Park City’s mild-mannered campaign enters final stretch
The Park City Council election, one of the most mild-mannered campaigns of the past 20-plus years, enters the final phase as the ballots are sent this week in the vote-by-mail contest.
There are three seats on the ballot — those currently held by Nann Worel, Becca Gerber and Lynn Ware Peek. Six candidates are competing for a City Council spot. Worel, who is a former not-for-profit executive, and Gerber, a marketing director, are seeking reelection and were the top two vote-getters during an August primary election. Peek opted against seeking a full first term after a midterm appointment.
The others on the ballot are:
• Max Doilney, who is a businessman
• Ed Parigian, a member of the Recreation Advisory Board at City Hall and an Old Town activist
• Deanna Rhodes, who is a community organizer
• Daniel Lewis, an event organizer
The winners will be sworn into office in early January for four-year terms.
Worel topped the field in the primary election and was closely followed by Gerber. The two incumbents each beat the other candidates in the primary by at least 400 votes. It seems that it will be difficult for any of the challengers to unseat one of the incumbents so shortly after Worel and Gerber performed so well in the primary. If that is the case, the other four candidates could be competing for the third-place slot on Election Day rather than attempting to topple Worel or Gerber.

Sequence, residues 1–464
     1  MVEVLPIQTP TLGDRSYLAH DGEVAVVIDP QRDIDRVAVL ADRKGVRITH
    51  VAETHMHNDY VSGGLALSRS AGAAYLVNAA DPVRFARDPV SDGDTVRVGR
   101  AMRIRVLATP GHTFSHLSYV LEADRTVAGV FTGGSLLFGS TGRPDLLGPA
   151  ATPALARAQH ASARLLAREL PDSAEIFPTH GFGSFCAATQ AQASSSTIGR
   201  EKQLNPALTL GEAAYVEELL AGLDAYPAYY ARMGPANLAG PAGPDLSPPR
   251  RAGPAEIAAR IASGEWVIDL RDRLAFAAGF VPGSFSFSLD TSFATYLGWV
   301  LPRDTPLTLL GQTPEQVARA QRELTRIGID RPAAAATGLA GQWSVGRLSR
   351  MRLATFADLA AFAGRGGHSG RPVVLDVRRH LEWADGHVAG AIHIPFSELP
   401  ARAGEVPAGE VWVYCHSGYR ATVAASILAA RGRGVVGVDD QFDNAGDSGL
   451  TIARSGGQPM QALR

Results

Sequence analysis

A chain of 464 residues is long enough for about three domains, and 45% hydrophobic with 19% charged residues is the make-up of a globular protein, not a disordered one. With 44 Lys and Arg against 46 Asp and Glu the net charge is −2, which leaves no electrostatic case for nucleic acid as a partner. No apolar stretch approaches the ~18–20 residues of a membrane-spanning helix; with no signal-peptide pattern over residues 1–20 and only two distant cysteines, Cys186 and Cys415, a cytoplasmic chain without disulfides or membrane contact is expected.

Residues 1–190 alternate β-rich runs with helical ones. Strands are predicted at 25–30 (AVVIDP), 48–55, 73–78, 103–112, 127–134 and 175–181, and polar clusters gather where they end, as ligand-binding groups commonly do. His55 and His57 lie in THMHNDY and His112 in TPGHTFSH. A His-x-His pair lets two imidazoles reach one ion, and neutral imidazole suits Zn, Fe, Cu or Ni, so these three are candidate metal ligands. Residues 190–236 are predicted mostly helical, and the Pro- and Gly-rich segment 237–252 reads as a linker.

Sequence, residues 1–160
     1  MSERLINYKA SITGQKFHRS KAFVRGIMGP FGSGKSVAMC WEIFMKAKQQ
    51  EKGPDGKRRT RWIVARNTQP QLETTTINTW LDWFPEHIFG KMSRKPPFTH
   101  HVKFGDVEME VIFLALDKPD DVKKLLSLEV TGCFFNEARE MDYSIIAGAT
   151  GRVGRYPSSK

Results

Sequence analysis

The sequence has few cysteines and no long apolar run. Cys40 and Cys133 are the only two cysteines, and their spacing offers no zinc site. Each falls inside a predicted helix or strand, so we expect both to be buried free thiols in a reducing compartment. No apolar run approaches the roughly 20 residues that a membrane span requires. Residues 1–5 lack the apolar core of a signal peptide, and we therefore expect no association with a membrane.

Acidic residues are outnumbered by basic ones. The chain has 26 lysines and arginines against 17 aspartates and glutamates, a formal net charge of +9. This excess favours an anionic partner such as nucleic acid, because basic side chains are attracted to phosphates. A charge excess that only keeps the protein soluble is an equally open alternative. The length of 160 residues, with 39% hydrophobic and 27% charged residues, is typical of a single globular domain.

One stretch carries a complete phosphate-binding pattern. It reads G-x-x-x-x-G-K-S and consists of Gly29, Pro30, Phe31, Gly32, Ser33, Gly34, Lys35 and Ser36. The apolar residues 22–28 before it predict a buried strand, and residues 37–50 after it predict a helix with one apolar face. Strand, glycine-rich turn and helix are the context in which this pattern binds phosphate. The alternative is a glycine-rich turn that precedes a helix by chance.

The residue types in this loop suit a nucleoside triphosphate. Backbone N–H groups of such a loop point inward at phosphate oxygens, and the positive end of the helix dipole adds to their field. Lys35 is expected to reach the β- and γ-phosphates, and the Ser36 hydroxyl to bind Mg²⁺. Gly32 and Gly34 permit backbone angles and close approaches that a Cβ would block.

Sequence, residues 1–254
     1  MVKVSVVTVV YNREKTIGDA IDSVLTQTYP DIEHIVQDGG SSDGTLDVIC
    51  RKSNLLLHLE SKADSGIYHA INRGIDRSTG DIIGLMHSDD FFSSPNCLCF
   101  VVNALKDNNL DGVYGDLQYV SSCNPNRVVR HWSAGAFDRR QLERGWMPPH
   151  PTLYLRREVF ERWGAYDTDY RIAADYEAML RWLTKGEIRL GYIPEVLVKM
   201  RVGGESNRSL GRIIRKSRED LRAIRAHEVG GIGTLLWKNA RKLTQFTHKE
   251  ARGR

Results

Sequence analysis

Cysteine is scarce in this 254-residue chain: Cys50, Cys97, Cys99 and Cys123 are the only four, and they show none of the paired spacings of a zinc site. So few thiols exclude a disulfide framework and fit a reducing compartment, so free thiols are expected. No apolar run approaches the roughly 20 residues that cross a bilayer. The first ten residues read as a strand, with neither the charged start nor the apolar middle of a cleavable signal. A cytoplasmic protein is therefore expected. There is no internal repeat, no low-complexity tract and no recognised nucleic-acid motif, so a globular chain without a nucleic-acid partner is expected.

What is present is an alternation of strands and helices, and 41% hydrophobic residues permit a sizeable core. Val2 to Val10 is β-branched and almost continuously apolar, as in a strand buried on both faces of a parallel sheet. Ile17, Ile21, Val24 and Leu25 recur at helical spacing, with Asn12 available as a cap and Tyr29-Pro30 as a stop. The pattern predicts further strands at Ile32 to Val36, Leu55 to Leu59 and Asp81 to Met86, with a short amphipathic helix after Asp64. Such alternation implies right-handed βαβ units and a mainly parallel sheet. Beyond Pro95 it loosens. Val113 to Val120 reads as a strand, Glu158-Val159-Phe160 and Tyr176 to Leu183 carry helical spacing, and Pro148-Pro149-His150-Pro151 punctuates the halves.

The campaign has lacked the political uproar of many previous City Hall political contests. The candidates have generally agreed on the overarching issues like growth, traffic, affordability and housing, but they have offered their own ideas to address those issues. There has also been general agreement with the overriding City Hall work plan.
The challengers, meanwhile, did not at least outwardly politicize the recent departure of Park City Manager Diane Foster from the Marsac Building and the planned November departure of Community Development Director Anne Laurent. The moves involved two high-level municipal staffers, and they were announced within days of each other as the campaign entered the crucial final weeks.
The Summit County Clerk’s Office is managing the vote-by-mail election on behalf of City Hall. The ballots were scheduled to be sent from the Seattle printing firm on Tuesday. County Clerk Kent Jones said on Monday the ballots are expected to arrive starting this weekend.
The ballots have a postmark deadline of Nov. 4. Ballots may also be turned in at a drop box with a deadline of 8 p.m. on Nov. 5, the date of the election. The drop boxes will be placed at the Marsac Building and The Market at Park City.
Jones projected approximately 40% of the registered voters in Park City will cast a ballot. Turnout in the primary election was 28.8%. Voters needed to drop just one candidate in the primary to reduce the field to six for Election Day.
Anyone with questions about the balloting or people who are registered voters and do not receive a ballot may contact the Summit County Clerk’s Office at 615-3204.
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Representatives from the American Institute of Architects came to town Thursday, held a community visioning session and dinner Friday, worked all weekend and presented a 75-page report to the community Monday.